THE girl is twenty-five. It has not been very long since her divorce but she cannot remember the man who used to be her husband. He was probably nice. She will tell the child this, at any rate. Once he lost a fifty-dollar pair of sunglasses while surf casting off Gay Head and felt badly about it for days. He did like kidneys, that was one thing. He loved kidneys for weekend lunch. She would voyage through the supermarkets, her stomach sweetly sloped, her hair in a twist, searching for fresh kidneys for this young man, her husband. When he kissed her, his kisses, or so she imagined, would have the faint odor of urine. Understandably, she did not want to think about this. It hardly seemed that the same problem would arise again, that is, with another man. Nothing could possibly be gained from such an experience! The child cannot remember him, this man, this daddy, and she cannot remember him. He had been with her when she gave birth to the child. Not beside her, but close by, in the corridor. He had left his work and come to the hospital. As they wheeled her by, he said, “Now you are going to have to learn how to love something, you wicked woman.” It is difficult for her to believe he said such a thing.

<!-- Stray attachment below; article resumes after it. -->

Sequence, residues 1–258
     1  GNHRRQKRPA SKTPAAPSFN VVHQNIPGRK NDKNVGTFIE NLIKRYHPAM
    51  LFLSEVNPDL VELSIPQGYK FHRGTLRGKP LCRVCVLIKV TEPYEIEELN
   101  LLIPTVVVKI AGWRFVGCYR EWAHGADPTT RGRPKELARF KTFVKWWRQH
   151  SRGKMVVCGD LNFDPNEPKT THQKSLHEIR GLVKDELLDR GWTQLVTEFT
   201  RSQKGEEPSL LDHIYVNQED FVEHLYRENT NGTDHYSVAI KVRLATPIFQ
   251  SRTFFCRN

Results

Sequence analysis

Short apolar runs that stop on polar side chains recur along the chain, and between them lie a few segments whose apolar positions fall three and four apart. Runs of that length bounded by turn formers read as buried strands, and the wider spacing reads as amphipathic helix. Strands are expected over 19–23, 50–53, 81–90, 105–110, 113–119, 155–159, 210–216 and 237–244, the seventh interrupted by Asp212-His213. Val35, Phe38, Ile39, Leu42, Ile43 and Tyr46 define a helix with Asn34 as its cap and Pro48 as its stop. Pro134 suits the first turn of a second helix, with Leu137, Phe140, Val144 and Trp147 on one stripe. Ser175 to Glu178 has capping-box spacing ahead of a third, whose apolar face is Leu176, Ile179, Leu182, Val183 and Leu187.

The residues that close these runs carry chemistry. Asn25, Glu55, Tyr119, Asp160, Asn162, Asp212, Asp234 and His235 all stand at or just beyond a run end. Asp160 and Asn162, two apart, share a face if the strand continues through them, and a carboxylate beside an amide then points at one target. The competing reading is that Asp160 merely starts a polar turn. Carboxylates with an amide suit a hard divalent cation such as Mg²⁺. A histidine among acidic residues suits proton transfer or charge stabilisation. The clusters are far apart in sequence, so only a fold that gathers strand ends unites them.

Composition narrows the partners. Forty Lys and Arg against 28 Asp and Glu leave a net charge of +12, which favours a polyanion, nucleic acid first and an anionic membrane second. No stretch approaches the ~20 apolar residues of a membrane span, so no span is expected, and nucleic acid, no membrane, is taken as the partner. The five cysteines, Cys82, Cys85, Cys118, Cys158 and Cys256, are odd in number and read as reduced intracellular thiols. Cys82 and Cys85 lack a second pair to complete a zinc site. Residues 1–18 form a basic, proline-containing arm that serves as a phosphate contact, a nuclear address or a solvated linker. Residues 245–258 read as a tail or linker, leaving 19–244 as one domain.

Read “The Lover,” a short story by Joy Williams – Biblioklept